- "60000:60000"
     - "60010:60010"
     - "60020:60020"
     - "60030:60030"
   links:
     - zookeeper
geolocationconsumer:
  build: ./genericconsumer/
  command: java -jar target/genericconsumer-1.0-SNAPSHOT-jar-with-dependencies.jar --zookeeper zookeeper:2181 --groupid 22 --topicname GeoLocation --threads 2 --consumerclass com.svds.genericconsumer.consumers.GeoLocationConsumer --parameters zk=zookeeper,hbaseTable=gps-test
  links:
    - kafka
    - zookeeper
    - hbase

Here, the hbase image is a fork I made of oddpoet/hbase-local that includes a thrift API, which we can use to look at HBase tables with Python. Thegeolocationconsumer service is identical to genericconsumer, but with different command-line arguments that configure the connection to HBase.

Another thing I haven’t mentioned yet is configuring the hostname. This actually turns out to be quite important for HBase (and caused me some headaches), because the Java API gets the connection information to HBase by asking Zookeeper for the HBase server’s hostname, so the hostname of the HBase service must be resolvable by the Java service. By default, the service hostname is set to the container id, which the geolocationconsumer does not recognize. However, thanks to container linking, it will recognize the hostname hbase.

Let’s bring up the new image and insert some data:

$ docker-compose build
$ docker-compose up -d
$ curl -X PUT http://$(boot2docker ip):8080/geoLocation/v1/setGeoLocation/FAKEID/40.11/88.27/1420183320000/1.0
$ curl -X PUT http://$(boot2docker ip):8080/geoLocation/v1/setGeoLocation/FAKEID/40.11/88.27/1420183321000/1.0
$ curl -X PUT http://$(boot2docker ip):8080/geoLocation/v1/setGeoLocation/FAKEID/40.11/88.27/1420183322000/1.0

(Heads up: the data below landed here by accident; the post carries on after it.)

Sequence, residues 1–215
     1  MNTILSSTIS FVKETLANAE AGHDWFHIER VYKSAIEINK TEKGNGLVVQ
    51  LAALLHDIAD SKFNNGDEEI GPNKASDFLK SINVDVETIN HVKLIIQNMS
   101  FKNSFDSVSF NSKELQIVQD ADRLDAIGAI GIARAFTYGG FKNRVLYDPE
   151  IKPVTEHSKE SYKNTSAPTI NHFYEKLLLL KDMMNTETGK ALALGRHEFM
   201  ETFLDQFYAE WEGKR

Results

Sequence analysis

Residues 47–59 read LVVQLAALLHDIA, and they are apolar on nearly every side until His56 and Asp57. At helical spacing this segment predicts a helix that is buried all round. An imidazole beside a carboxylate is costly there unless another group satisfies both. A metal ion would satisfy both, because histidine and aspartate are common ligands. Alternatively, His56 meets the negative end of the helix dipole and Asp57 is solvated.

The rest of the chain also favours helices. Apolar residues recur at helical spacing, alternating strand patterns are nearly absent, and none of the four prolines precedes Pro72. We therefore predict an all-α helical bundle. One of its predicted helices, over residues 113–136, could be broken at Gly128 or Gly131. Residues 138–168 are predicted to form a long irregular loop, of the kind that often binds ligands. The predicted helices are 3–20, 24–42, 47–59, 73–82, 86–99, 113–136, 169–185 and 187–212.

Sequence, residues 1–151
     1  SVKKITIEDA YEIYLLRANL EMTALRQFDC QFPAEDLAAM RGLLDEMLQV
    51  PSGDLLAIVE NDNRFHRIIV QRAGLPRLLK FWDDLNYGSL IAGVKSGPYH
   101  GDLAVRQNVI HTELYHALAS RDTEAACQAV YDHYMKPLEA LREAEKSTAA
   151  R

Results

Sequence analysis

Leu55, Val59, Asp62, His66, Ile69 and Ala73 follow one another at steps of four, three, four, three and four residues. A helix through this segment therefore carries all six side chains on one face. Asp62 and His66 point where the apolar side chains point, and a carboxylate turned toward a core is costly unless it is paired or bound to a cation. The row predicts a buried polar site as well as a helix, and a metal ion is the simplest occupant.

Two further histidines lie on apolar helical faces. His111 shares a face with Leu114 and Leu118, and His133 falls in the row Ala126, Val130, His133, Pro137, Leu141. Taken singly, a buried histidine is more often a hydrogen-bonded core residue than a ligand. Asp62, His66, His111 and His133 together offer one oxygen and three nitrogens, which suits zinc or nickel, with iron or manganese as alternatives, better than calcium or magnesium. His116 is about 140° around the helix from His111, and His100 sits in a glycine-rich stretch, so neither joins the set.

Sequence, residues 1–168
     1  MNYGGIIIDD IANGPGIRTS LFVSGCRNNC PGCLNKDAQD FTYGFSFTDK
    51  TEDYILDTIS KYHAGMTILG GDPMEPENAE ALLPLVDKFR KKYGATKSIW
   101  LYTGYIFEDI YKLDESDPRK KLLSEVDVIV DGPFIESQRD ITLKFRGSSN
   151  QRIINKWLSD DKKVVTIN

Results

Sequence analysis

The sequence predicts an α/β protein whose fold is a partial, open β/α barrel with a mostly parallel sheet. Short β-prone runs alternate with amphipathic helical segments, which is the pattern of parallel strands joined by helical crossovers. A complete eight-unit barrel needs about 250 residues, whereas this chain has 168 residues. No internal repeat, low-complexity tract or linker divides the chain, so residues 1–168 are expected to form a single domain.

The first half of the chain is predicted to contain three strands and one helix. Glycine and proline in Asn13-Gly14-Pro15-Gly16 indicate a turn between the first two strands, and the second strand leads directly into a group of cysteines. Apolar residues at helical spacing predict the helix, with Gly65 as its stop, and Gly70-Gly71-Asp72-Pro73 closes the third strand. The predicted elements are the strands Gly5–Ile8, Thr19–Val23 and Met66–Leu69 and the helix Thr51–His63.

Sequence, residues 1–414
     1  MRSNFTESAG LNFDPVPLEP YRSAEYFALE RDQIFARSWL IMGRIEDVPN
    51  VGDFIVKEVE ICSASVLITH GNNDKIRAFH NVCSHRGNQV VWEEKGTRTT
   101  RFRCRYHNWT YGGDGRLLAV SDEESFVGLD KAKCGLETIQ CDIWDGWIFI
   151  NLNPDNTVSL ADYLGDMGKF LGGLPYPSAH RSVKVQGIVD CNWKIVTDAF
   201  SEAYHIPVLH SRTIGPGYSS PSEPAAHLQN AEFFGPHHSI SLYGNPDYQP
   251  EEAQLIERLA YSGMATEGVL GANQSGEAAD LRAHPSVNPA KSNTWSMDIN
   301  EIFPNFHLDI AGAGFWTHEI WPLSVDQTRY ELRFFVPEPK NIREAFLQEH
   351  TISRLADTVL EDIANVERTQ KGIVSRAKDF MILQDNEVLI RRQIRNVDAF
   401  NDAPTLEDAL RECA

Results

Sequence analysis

$ curl -X PUT http://$(boot2docker ip):8080/geoLocation/v1/setGeoLocation/FAKEID/40.11/88.27/1420183323000/1.0

There are several ways to verify that this worked. Here we’ll do it by connecting to HBase with python. If needed, pip install happybase, then create a short python script (or run these commands in iPython):

import happybase
# connect to HBase on the boot2docker ip
connection = happybase.Connection('192.168.59.103',9090) 
table = connection.table('gps-test')
for k,data in table.scan():
    print k, data

If everything worked, we should see the logs we just sent showing up as rows in the HBase table.

2015-1-2-1420183320000-FAKEID {'locations:id': 'FAKEID', 'locations:latitude': '40.11', 'locations:epoch': '1420183320000', 'locations:longitude': '88.27', 'locations:accuracy': '1.0'}
2015-1-2-1420183321000-FAKEID {'locations:id': 'FAKEID', 'locations:latitude': '40.11', 'locations:epoch': '1420183321000', 'locations:longitude': '88.27', 'locations:accuracy': '1.0'}
2015-1-2-1420183322000-FAKEID {'locations:id': 'FAKEID', 'locations:latitude': '40.11', 'locations:epoch': '1420183322000', 'locations:longitude': '88.27', 'locations:accuracy': '1.0'}
2015-1-2-1420183323000-FAKEID {'locations:id': 'FAKEID', 'locations:latitude': '40.11', 'locations:epoch': '1420183323000', 'locations:longitude': '88.27', 'locations:accuracy': '1.0'}

From here, we could shut down the services by running docker-compose stop, but suppose we wanted to make some changes to the consumer without bringing down and restarting every other service. We could instead run docker-compose stop basicconsumer, make a few changes to the source, then docker-compose build basicconsumer and docker-compose up -d --no-deps basicconsumer (the --no-deps flag tells docker-compose not to recreate the dependencies, because they are already running).

Also, by default, running docker-compose up will recreate the containers, which will restore everything to a clean state—in particular, it will destroy any data currently saved in HBase. If this isn’t desired, you can instead run docker-compose up --no-recreate or docker-compose up --no-recreate -d to run in the background.

This is just a starting point, and there’s a lot more that can be done! For example, you can drop in additional Kafka consumers to do additional processing on the GPS logs, or on entirely different log data. Or you could scale HBase (or Kafka) from a single-instance pseudo-distributed install to a fully distributed cluster. Or you could add on Impala or Hive to query the the log data.

Here’s a helpful cheat sheet of common commands for reference as you go back through what we covered in this post. Have fun!